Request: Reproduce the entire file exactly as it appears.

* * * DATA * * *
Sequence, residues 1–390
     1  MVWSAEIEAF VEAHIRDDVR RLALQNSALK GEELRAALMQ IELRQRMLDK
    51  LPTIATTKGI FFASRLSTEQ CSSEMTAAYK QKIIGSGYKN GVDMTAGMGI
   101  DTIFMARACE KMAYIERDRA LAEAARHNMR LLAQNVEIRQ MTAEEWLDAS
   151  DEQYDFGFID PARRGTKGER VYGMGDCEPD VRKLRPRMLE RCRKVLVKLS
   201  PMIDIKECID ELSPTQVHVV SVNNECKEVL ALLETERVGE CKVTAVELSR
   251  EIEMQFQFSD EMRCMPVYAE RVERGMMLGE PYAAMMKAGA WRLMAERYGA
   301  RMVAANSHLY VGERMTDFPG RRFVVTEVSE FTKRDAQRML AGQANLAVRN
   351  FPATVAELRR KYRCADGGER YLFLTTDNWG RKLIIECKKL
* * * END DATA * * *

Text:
Sequence, residues 1–390
     1  MVWSAEIEAF VEAHIRDDVR RLALQNSALK GEELRAALMQ IELRQRMLDK
    51  LPTIATTKGI FFASRLSTEQ CSSEMTAAYK QKIIGSGYKN GVDMTAGMGI
   101  DTIFMARACE KMAYIERDRA LAEAARHNMR LLAQNVEIRQ MTAEEWLDAS
   151  DEQYDFGFID PARRGTKGER VYGMGDCEPD VRKLRPRMLE RCRKVLVKLS
   201  PMIDIKECID ELSPTQVHVV SVNNECKEVL ALLETERVGE CKVTAVELSR
   251  EIEMQFQFSD EMRCMPVYAE RVERGMMLGE PYAAMMKAGA WRLMAERYGA
   301  RMVAANSHLY VGERMTDFPG RRFVVTEVSE FTKRDAQRML AGQANLAVRN
   351  FPATVAELRR KYRCADGGER YLFLTTDNWG RKLIIECKKL